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(Edited for clarity.)

Say I have the variance-covariance matrix $\mathbf{V}$ and mean $\mathbf{\mu}$ of a multivariate normal distribution. Given a sample, $\mathbf{s}$, can I compute/estimate the value of the probability density function at that sample?

I'm trying to determine how well a given sample "fits" the various distributions determined by some $\mathbf{V}_i$ and $\mathbf{\mu}_i$ in order to label the sample with $\underset{i \in 0, 1, ...}{\arg\max\,}{f(\mathbf{s}; \mathbf{V}_i, \mathbf{\mu}_i)}$.

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  • $\begingroup$ For anyone else who comes with the same question: yes, there is an analytic form for the PDF of the multivariate normal, and it's fairly convenient; see, for example, the scipy docs here $\endgroup$ – Linuxios Jul 12 at 19:18
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The mean vector and covariance are not sufficient to give the entire probability distribution, so this is a case where you have not prescribed enough information to yield a probability density/mass function, or a likelihood function. If you were to prescribe a class of distributions parameterised by the mean and covariance matrix (e.g., the normal distribution) then that would be sufficient to give you a likelihood function. For example, if you use the normal distribution, the log-likelihood function is:

$$\ell_\mathbf{s}(\mathbf{V}) = - \frac{1}{2} \text{det}(\mathbf{V}) -\frac{1}{2} \mathbf{s}^\text{T} \mathbf{V}^{-1} \mathbf{s} \quad \quad \quad \text{for all } \mathbf{V} \in \mathcal{V},$$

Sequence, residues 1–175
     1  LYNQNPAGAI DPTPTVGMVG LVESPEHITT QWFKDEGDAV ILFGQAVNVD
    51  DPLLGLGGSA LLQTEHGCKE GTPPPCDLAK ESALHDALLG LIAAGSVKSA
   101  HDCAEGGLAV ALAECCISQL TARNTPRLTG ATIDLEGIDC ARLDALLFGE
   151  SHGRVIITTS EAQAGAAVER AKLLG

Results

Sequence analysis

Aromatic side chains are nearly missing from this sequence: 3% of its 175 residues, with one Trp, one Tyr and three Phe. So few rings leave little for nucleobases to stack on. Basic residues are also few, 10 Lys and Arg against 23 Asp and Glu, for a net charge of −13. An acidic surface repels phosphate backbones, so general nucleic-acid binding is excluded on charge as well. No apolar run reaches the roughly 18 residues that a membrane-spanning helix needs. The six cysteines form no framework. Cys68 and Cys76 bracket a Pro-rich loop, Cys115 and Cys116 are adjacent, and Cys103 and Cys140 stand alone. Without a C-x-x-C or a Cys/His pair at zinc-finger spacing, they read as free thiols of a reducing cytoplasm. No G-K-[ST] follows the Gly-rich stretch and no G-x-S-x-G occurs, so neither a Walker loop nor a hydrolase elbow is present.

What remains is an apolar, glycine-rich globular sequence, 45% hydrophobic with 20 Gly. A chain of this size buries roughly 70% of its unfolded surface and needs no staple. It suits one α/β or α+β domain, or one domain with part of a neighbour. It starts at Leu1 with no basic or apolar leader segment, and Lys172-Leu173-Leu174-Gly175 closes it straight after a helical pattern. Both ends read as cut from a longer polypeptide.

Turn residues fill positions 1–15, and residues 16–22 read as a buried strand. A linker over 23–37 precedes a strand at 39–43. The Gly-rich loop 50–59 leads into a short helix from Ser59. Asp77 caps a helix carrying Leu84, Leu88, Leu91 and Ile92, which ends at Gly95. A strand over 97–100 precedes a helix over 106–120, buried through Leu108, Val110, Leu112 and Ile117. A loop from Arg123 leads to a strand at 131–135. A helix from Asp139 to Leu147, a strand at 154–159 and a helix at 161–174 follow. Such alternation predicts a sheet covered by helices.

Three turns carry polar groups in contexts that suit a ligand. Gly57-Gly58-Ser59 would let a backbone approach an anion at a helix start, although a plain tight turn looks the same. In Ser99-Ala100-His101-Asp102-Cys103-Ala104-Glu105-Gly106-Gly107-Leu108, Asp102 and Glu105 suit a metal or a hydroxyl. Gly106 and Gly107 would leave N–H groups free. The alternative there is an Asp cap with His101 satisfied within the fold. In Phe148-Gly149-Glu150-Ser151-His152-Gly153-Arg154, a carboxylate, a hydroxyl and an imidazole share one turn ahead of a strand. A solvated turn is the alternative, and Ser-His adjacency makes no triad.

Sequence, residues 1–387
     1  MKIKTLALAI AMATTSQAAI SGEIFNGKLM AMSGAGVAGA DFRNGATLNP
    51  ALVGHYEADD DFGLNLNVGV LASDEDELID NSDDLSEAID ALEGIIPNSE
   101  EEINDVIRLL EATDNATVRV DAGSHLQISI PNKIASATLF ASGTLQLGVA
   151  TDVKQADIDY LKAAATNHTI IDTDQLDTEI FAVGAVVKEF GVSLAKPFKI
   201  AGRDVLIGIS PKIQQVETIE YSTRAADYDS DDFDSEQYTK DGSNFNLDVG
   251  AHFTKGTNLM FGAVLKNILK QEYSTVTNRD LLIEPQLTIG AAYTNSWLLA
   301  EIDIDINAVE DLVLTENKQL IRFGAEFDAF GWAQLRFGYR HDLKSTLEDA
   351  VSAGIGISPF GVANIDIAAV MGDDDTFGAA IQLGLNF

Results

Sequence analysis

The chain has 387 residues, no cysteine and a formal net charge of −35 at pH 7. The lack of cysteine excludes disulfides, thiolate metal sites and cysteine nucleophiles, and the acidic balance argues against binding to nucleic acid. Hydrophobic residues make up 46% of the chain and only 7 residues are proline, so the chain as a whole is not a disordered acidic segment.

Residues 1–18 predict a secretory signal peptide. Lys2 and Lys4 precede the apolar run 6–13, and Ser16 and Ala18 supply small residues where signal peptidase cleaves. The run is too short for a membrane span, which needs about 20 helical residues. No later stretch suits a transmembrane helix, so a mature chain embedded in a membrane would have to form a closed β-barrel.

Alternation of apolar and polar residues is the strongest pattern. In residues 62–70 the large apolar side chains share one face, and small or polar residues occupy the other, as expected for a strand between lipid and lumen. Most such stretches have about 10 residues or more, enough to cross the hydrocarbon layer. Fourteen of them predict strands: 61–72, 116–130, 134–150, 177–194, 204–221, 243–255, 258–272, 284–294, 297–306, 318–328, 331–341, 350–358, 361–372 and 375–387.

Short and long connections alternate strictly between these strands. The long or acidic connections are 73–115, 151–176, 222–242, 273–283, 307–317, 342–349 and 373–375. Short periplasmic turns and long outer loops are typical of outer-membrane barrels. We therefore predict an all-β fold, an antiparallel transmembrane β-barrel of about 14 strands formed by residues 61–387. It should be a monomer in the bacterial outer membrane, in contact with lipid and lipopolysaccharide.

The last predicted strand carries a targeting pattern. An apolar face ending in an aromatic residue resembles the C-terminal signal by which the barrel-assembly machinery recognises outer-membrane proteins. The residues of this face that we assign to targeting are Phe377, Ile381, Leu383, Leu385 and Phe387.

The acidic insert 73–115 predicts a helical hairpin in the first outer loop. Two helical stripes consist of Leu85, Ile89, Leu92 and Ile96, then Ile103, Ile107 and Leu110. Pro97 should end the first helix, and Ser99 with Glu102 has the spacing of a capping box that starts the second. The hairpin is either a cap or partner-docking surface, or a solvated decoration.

where $\mathcal{V}$ is the set of real square positive-definite matrices of the required dimension.

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  • $\begingroup$ In practice, I'm using the maximum-likelihood empirical covariance estimator to get $\mathrm{V}$ in the first place, so making that same assumption (multivariate Gaussian) here is no worse than making it in the first place, right? $\endgroup$ – Linuxios Jul 11 at 0:28
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    $\begingroup$ You can't be using any kind of "maximum-likelihood" estimator unless you have a likelihood function -- what would you be maximising? Thus, if you are using a procedure like this, there must be some specification (possibly implicit) of what the likelihood function actually is. Most likely the procedure you are using is (implicitly) assuming a Gaussian distribution, but you should check this. $\endgroup$ – Ben Jul 11 at 0:31
  • $\begingroup$ Maybe I'm not saying what I think I'm saying. I have some set of observations from which I'm computing the covariance matrix (from sklearn). This computes the covariance assuming a multivariate normal distribution, I think. $\endgroup$ – Linuxios Jul 11 at 0:34
  • $\begingroup$ Further, I think I'm looking for a $\ell_\mathbf{V}(\mathbf{s})$, for lack of a better way to put it. Does that have the same form? The likelihood of the sample $\mathbf{s}$ given the mean, covariance matrix, and the assumption of multivariate normal distribution. $\endgroup$ – Linuxios Jul 11 at 0:38
  • $\begingroup$ Okay, well in that case you can use the formula above. (Note that I have omitted the constant term $-\tfrac{n}{2} \cdot \ln (2 \pi)$ from the function, where $k$ is the length of the vector $\mathbf{s}$. The computer program you are using would probably include this term.) $\endgroup$ – Ben Jul 11 at 1:01

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